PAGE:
Modern Seats Offer Improved ComfortOver the years, more amazing seats have been designed than probably any other bicycle component. And today, there’s still a wide array of models to select from, some with fairly wild shapes. One feature shared by many of these seats is a cutaway in the saddle top designed to relieve pressure on sensitive tissues in the genital area. Our customers have found these saddle types to be particularly helpful for eliminating problems with numbness. There are also models that have softer sections in the center of the seat designed to work the same as the cutaway.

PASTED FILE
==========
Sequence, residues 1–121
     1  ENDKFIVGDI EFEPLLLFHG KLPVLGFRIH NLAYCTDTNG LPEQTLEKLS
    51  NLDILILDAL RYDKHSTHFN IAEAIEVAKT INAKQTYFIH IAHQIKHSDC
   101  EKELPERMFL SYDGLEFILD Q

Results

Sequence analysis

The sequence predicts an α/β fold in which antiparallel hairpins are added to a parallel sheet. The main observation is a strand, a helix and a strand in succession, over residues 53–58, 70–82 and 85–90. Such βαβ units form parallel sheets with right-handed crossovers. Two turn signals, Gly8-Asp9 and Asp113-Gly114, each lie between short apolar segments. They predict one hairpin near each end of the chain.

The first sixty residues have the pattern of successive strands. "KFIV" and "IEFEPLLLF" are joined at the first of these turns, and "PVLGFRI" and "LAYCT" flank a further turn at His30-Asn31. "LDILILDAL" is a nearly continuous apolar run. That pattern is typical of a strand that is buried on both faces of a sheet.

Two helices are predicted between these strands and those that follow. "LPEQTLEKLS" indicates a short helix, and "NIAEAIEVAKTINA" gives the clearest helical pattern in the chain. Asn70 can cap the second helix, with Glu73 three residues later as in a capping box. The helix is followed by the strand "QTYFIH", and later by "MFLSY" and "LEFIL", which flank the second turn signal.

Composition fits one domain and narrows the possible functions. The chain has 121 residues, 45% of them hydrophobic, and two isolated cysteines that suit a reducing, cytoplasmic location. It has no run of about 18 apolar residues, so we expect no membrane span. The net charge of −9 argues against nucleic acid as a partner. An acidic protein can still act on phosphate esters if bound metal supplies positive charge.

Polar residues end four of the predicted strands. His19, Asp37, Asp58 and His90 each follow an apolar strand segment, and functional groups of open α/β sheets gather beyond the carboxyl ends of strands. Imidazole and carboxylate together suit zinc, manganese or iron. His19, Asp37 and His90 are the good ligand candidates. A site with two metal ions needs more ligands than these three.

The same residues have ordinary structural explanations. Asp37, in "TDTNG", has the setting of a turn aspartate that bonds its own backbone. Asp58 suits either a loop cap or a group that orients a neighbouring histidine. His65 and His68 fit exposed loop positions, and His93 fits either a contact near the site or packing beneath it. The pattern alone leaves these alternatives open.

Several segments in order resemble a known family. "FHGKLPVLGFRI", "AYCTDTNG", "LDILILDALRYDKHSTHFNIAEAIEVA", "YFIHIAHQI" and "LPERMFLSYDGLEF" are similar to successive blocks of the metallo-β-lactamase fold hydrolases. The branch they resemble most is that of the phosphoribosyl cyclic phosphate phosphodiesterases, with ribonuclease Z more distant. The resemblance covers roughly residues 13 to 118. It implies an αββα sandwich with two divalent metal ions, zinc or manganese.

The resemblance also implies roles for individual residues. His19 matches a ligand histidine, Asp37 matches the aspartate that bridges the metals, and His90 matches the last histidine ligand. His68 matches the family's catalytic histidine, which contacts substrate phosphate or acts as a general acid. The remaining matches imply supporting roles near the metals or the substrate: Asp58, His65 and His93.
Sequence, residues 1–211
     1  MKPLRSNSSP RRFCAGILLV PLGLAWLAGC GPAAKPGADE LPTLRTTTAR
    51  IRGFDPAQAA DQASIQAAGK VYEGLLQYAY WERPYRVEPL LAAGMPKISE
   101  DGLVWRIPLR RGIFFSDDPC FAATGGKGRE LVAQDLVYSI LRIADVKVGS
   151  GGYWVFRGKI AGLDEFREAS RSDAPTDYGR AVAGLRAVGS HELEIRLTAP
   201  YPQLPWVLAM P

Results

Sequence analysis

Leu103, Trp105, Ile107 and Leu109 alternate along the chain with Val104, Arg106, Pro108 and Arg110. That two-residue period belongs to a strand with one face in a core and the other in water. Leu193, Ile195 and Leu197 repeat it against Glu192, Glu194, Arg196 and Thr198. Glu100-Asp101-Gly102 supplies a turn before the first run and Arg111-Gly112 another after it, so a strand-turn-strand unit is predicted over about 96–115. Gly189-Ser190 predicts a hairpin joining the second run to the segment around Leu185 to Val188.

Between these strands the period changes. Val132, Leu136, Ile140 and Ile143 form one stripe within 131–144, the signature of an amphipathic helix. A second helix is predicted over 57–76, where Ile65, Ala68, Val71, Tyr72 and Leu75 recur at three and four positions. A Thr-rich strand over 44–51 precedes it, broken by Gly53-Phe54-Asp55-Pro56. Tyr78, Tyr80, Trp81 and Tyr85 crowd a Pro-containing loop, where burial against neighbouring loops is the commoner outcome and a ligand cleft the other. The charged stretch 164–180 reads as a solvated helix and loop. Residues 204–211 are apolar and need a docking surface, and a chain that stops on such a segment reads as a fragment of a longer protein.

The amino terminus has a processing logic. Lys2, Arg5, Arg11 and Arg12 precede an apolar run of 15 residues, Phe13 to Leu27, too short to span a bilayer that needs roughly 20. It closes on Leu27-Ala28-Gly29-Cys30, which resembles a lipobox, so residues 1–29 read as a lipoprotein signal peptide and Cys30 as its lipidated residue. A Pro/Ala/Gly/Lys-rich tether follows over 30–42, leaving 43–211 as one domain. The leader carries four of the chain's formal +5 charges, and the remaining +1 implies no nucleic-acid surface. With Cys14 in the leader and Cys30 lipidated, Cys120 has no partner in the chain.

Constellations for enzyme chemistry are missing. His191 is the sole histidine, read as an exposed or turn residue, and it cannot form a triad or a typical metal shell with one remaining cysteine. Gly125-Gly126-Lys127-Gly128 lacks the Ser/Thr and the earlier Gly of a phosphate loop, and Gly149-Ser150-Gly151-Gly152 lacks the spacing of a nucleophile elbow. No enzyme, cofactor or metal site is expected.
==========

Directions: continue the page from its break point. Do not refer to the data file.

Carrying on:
Another pressure-point eliminator is gel. Some seat makers use this in the sensitive areas to prevent pressure that causes pain and numbness.
Wear Cycling Clothing
When trying seats, be sure to do so wearing your cycling clothing because if you’re wearing pants with seams in the crotch area, you’ll feel the seams and won’t be able to judge the seat comfort. Also, after putting on a new seat, it’s best to re-check saddle height because the shape of the new one may be a little taller than the one you’ve been using. If a seat is too high or too low, you’ll feel discomfort from the incorrect seat position and won’t be able to feel whether the seat is an improvement or not. The easiest way to match seat height is to measure it before you remove your original seat. You’ll then have the exact height to place the new seat and you won’t have to experiment to find your optimum position.
And while we are talking about seat comfort, this is a great time to bring up seat adjustment!
Seat Fore-And-Aft Adjustment Is Important, Too
The Basic Adjustment